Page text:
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Civil Warriors: Celebrating America’s Warrior-Presidents

Joel Kilpatrick
Joel Kilpatrick
Joel Kilpatrick is a writer and journalist.

Ten people are pictured on U.S. currency and coins. Quiz: How many were war heroes or were directly involved in a war as president?

Answer: All but one. When America venerates its political leaders, it essentially venerates military heroes. And yet war is a reality most young American men know nothing about, except via the safety of video games.

Two presidents celebrated this month, February, gave military leadership to a nation in crisis during periods separated by four score and seven years.

Yet most people don’t think of Abraham Lincoln as a warrior. It was he who laid out the basic strategy for the Union effort to quell the rebellion — and it took him three frustrating years to find a general (or two) willing to prosecute the war on Lincoln’s terms. Early in the conflict, Lincoln even borrowed military strategy books from the Library of Congress and began suggesting campaigns and tactics to his obstinate generals, George McClellan foremost among them. At points, Lincoln even created specific battle plans and shared them with his generals.

Until the arrival of Grant and Sherman, Lincoln’s early generals wanted to win a bloodless war against wayward brethren, but as commander-in-chief, Lincoln was unwavering: he wanted swift, decisive victories, and he wanted them to be relentless. He urged his men in the field to press the enemy hard and on all fronts until the Southern insurrection collapsed. Eventually, that is exactly what happened — but only because Lincoln, the warrior-president, insisted that it be so. Without his unyielding leadership on the point of maintaining the Union, our country would have been cleaved in two because nearly every other politician of his day would have, at some point, settled for peace over restoration.

When I was in grade school, Washington’s birthday and Lincoln’s birthday were celebrated on separate Mondays in February as distinct events. Both were holidays, which made the little month of February something of a prize. I attended Grant School — named for U.S. Grant, who is pictured on the $50 — and appreciated the importance attached to these two men whose birthdays were later lumped into the vaguer, duller “Presidents’ Day” and celebrated on a single Monday, for which none of us students were grateful.

Washington did what Lincoln did not: led actual troops on actual battlefields with the boom of cannons and whistle of musket and rifle shot felling those around him. The American Revolution was a kind of civil war. Washington, with three other men featured on present-day money — Thomas Jefferson, Benjamin Franklin and Alexander Hamilton — declared war on the world’s foremost super-power, then took up arms against it.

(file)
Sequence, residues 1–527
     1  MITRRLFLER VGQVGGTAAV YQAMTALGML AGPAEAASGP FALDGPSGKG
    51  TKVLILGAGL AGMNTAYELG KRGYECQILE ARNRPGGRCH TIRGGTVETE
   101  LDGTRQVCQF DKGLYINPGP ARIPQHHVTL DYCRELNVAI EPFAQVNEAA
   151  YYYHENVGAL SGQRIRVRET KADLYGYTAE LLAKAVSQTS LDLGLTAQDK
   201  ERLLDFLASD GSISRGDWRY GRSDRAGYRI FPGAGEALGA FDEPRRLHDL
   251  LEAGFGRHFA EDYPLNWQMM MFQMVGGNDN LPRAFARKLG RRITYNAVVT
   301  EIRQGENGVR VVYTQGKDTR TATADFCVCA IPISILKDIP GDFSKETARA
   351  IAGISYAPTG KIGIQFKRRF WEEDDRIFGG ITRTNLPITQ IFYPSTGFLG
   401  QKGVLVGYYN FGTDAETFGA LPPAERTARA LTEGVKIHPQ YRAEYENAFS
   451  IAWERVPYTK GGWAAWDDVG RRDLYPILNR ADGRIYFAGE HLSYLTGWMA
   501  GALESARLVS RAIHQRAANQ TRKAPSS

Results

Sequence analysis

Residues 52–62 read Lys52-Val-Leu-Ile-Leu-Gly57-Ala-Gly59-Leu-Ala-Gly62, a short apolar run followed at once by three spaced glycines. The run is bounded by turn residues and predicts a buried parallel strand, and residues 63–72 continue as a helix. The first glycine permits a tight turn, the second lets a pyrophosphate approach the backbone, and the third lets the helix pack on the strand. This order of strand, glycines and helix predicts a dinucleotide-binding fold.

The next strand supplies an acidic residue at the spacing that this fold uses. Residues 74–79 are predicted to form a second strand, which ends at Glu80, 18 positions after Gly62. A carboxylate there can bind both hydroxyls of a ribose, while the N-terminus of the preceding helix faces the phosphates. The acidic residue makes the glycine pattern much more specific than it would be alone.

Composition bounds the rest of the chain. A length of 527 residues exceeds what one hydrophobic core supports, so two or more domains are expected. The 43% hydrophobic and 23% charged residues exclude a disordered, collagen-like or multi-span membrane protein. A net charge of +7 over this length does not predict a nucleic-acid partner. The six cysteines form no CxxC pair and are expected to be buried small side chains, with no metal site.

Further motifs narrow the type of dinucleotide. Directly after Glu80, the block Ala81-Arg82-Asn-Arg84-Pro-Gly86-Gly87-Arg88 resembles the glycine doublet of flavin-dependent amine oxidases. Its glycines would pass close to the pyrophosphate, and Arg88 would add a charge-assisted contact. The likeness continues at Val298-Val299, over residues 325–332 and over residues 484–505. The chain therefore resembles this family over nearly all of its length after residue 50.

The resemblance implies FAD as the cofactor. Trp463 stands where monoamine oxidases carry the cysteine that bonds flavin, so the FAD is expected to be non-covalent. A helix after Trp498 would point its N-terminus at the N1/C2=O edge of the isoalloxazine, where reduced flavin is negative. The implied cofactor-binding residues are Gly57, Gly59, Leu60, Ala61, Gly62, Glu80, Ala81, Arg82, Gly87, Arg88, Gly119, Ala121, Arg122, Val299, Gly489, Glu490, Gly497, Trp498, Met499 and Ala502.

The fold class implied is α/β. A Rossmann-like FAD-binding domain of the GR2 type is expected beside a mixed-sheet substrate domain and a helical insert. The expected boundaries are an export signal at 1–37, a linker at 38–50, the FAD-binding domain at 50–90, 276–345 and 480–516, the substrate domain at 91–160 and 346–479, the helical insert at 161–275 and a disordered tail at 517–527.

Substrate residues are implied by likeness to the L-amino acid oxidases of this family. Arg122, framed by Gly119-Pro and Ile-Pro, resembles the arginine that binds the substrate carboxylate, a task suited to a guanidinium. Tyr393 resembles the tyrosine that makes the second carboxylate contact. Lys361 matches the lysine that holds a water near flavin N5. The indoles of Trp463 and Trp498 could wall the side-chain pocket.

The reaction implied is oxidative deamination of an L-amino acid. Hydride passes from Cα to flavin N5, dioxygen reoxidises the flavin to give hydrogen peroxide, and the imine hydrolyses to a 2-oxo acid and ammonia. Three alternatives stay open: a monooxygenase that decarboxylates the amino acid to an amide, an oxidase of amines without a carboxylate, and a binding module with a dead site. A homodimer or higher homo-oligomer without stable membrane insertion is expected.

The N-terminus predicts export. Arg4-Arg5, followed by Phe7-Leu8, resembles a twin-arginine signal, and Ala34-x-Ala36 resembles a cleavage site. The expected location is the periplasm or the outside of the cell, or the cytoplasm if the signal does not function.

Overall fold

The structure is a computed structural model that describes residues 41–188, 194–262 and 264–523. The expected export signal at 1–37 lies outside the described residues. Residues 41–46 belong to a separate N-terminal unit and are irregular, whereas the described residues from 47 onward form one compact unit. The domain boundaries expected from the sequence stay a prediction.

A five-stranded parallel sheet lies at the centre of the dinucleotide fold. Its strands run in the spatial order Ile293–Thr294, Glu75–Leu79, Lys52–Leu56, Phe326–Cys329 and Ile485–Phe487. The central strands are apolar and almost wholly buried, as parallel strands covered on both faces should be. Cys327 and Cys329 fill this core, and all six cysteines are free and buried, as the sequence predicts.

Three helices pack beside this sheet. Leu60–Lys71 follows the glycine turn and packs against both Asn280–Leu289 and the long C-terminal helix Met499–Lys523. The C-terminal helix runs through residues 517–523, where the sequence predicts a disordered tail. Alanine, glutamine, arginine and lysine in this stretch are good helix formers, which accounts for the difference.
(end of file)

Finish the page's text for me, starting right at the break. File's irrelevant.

Jefferson, it turned out, was better-suited for beautiful writing and profound expressions of principles of liberty than he was for leading troops. Nevertheless, he put his life and worldly possessions entirely at stake by helping a nascent nation declare its independence. At one point, he fled British troops who sought to take him into custody at his home at Monticello.

Hamilton, for his part, was a vigorous combatant and leader of soldiers under Washington, for whom he also served as a close aide. The future secretary of the treasury of the U.S. even led a bayonet assault at the siege of Yorktown. Five days later, Cornwallis surrendered.

Not only is Hamilton exalted with his likeness on the $10 bill, but it was Hamilton himself who convinced Congress to create national coinage in the first place.

Ben Franklin, an old man by the advent of Revolutionary hostilities, had commanded troops in the French and Indian wars and done so ably. Franklin the military chief is often forgotten in the shadow of Franklin the inventor, Franklin the practical sage and Franklin the founder of a university. But his experience on remote battlefields helped shape his view of the country he would help found — and whose treasonous separation document he would sign at the peril of his life.

So, too, much later, Kennedy became a naval hero in a war declared by another coinage-honoree, Franklin D. Roosevelt. Of course, I barely need to mention generals Andrew Jackson (the $20 bill) and Ulysses S. Grant, who rose from obscurity on the winds of war, which landed each in the White House.

Why this talk of warriors and great men?

Mainly because so few American men have fought on battlefields in our day, and the shaping effect of combat no longer does its refining work on those who would be leaders. Thus we live in a generation unfamiliar with the extremities of experience sometimes required to preserve freedom and what Lincoln termed “a just and a lasting peace.”

It helps us to remember, in this month of presidents’ birthdays, that those whose faces adorn the money we spend so freely in this unthinkably rich nation were also warriors — battle-tested, familiar with the sight of blood and the smell of gunpowder and death.

Men who knew the value of peace because they had seen and fought and led men in the great aggravations of peace’s opposite.

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